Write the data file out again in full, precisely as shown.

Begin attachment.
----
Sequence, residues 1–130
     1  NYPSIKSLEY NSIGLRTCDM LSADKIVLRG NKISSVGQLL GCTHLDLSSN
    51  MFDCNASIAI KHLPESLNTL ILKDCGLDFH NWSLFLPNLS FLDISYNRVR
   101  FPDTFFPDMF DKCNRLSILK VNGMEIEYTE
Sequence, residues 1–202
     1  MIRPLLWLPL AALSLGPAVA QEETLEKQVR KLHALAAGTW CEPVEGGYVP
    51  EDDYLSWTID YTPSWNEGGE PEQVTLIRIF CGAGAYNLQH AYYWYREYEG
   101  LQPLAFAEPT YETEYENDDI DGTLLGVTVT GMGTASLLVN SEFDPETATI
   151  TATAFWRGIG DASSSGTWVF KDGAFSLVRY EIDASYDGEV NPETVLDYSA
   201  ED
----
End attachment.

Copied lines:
Sequence, residues 1–130
     1  NYPSIKSLEY NSIGLRTCDM LSADKIVLRG NKISSVGQLL GCTHLDLSSN
    51  MFDCNASIAI KHLPESLNTL ILKDCGLDFH NWSLFLPNLS FLDISYNRVR
   101  FPDTFFPDMF DKCNRLSILK VNGMEIEYTE
Sequence, residues 1–202
     1  MIRPLLWLPL AALSLGPAVA QEETLEKQVR KLHALAAGTW CEPVEGGYVP
    51  EDDYLSWTID YTPSWNEGGE PEQVTLIRIF CGAGAYNLQH AYYWYREYEG
   101  LQPLAFAEPT YETEYENDDI DGTLLGVTVT GMGTASLLVN SEFDPETATI
   151  TATAFWRGIG DASSSGTWVF KDGAFSLVRY EIDASYDGEV NPETVLDYSA
   201  ED